When House speaker Dennis Hastert sternly warned obstructionist House Republicans that Congress must and will reauthorize the 1965 Voting Rights Act, House Democrats and civil rights leaders breathed a big sigh of relief.
It may be premature. It's one thing to reauthorize the act and another thing to fully enforce it. Despite President Bush's effusive praise of the act, his administration's record on enforcement has been a mix of delay, dodges and, at times, obstructionism.
In the four decades since the act was passed, the litmus test for presidents has always been their willingness to push their Justice Departments to file tough anti-discrimination lawsuits against states and districts that flaunt federal voting laws. Bush has flunked that test.
Clinton's Justice Department filed 14 anti-discrimination lawsuits in the last two years of his last term. During the five years Bush has been in office, the Justice Department has filed half that number. One of those suits was a reverse discrimination lawsuit that alleged that White voters were discriminated against.
An early warning signal of Bush's seismic shift in the way the Justice Department dealt with voting enforcement came in 2004. He demanded that the Justice Department have sole authority to bring voter discrimination suits. This would have effectively barred private individuals and groups from bringing discrimination suits and was a radical break from decades of law and tradition.
Though the courts ruled against the Bush administration, and again upheld the right to bring private voting lawsuits, the case sent another signal that the Bush administration would play fast and loose with voting discrimination cases.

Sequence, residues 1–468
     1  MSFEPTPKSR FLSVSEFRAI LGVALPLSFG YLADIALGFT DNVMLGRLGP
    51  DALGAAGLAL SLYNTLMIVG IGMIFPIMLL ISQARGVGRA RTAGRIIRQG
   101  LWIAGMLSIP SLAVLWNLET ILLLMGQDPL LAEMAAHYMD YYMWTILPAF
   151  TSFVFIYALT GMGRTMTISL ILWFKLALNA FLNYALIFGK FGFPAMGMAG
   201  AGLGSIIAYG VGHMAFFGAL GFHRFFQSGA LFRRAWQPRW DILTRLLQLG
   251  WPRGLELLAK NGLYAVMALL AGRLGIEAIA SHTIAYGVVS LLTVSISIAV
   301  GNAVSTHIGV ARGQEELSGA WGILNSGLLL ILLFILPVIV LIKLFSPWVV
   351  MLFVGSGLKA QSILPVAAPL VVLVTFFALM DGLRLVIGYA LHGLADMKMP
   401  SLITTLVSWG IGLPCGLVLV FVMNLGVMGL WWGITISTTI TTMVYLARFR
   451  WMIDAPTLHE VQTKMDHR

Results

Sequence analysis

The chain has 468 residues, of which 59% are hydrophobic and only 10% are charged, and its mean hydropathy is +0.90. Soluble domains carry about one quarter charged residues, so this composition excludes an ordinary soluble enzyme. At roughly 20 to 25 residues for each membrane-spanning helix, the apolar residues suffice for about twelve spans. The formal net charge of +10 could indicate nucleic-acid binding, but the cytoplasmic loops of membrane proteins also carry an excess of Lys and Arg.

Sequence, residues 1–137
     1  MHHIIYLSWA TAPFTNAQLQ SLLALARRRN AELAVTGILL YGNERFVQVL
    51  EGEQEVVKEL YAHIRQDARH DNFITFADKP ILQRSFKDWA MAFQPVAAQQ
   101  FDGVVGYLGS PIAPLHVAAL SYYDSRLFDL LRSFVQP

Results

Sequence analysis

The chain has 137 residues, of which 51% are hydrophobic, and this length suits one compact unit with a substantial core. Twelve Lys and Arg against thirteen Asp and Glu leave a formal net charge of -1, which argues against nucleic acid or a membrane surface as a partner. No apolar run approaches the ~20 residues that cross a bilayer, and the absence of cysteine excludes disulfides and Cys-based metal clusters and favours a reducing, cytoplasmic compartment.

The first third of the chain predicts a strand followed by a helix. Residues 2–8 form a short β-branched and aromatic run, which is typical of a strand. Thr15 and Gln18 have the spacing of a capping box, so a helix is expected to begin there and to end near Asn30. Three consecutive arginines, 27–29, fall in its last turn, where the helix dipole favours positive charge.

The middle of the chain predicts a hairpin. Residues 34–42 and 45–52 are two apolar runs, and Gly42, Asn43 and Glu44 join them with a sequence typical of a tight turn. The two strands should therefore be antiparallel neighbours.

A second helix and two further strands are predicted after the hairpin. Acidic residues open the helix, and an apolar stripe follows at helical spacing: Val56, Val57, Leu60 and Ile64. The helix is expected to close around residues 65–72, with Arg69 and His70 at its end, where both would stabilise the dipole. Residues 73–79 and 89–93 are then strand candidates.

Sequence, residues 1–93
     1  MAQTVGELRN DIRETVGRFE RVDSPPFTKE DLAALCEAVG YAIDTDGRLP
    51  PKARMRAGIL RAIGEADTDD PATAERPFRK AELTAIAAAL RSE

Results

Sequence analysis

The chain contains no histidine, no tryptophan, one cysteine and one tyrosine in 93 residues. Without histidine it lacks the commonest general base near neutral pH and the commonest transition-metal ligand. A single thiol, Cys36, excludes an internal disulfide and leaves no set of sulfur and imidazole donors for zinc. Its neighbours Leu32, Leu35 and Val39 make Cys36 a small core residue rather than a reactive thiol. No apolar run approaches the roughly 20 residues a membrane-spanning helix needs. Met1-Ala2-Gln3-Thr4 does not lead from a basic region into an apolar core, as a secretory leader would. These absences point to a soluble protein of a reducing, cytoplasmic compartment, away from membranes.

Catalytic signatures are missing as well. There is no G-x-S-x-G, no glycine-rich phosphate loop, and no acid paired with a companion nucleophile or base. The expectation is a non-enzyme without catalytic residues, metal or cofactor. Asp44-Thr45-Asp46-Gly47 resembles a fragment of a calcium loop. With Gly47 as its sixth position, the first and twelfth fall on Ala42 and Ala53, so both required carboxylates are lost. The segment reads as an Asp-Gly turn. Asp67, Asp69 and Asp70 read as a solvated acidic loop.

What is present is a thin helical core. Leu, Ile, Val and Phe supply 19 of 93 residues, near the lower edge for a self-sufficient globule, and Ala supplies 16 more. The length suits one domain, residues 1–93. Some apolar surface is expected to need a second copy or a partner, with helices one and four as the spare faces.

Bush's lax voting law enforcement stirred a mini-revolt in the Justice Department's Civil Rights Division. More than a third of the three-dozen lawyers in the division quit. That shouldn't surprise anyone. During the Reagan, Bush Sr. and, of course, Bush Jr. years, liberal activist attorneys within the Civil Rights Divisions have waged a low intensity ideological battle with the conservative political appointees that have run the division.
Meddling is still much in evidence in redistricting and voter identification cases in Georgia, Mississippi and Texas. The Justice Department either approved or gave a wink and nod to state officials and courts that redrew districts to create majority Republican voting districts in Texas and Mississippi. They also gave a nod to state officials in Georgia who required that all voters show a state identification card to vote. The NAACP and civil rights groups charged that the law discriminated against the poor and minorities. A federal judge agreed and overturned the law.
Attorney General Alberto Gonzalez bristles at criticism that the Justice Department has politicized voting rights cases. Since 2001, he claims the department has filed more than a dozen foreign-language ballot discrimination complaints. That's laudable. Yet it does not address the thorny issue of the department's lackluster action in voting discrimination cases involving Black, Native American and Latino voters.
Congress will reauthorize the 1965 VRA for another 25 years, and Bush will sign it. But the 40-year contentious history of the act has shown the law can only be effective when presidents and their Justice Departments fully enforce it. Even after reauthorization, the Bush administration record on voting rights may still leave much to be desired.
Earl Ofari Hutchinson is a columnist for www.blacknews.com.